Longstreet Highroad Guide to the North Carolina Mountains
By Lynda McDaniel
[Fig. 43(2), Fig. 44(1), 46(1)] Hosting more than 800,000 visitors each year, this center is by far the busiest of the gateways to the Smokies, a reflection not only of the popularity of nearby trails but of the crowds drawn to other local attractions. As the sheer sales volume of its T-shirt shops attests, the bustling tourist town of Gatlinburg owes a large part of its thriving economy to dollars brought in by tourism. Sevierville and Pigeon Forge, home of Dollywood, are also within an easy drive.
The center is nestled in the Sugarlands Valley, home in pioneer times to a few scattered cabins and cornfields and reachable only by mule. The name of this once-remote valley comes from the abundance of maples that grow there, known to pioneers as "sugartrees" for their sap. The name that North Carolina settlers used for the valley, however, offers an interesting alternate perspective on its history: they called it "Moonshiner's Paradise."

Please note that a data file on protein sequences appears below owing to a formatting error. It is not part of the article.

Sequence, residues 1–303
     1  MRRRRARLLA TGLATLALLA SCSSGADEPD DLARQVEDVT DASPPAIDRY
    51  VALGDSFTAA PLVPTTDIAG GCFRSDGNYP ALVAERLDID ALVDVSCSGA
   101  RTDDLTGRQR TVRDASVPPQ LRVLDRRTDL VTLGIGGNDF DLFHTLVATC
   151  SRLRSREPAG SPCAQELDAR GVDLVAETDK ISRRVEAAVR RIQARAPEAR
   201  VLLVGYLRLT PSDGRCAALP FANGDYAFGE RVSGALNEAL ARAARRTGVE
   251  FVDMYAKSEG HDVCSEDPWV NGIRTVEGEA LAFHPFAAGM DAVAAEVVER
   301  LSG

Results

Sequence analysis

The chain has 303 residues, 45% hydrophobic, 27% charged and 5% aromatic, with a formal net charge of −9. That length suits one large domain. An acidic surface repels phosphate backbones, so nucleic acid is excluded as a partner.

Two short and easy trails lead off from Sugarlands. The 1-mile Sugarlands Self-guiding Nature Loop [Fig. 43(3)] serves as a good introduction to the wonders of the Smokies, especially after viewing the exhibits and orientation films inside the center. The 2-mile Gatlinburg Trail [Fig. 43(1)] winds past Park Headquarters to follow the West Prong of the Little Pigeon River into Gatlinburg. Hemlock, rhododendron, and mountain laurel grow along the banks, as well as American hornbeam (Carpinus caroliniana), sweetgum (Liquidambar styraciflua), and the spectacularly flowering Stewartia, or silky camellia (Stewartia malacondendron). The loud call of the belted kingfishers (Megaceryle alcyon) dipping above the waters has startled more than one of the local joggers and bikers who frequent this path. Swainson's warblers (Limnothlypis swainsonii) are sometimes summer residents of the rhododendron thickets near the visitor center.
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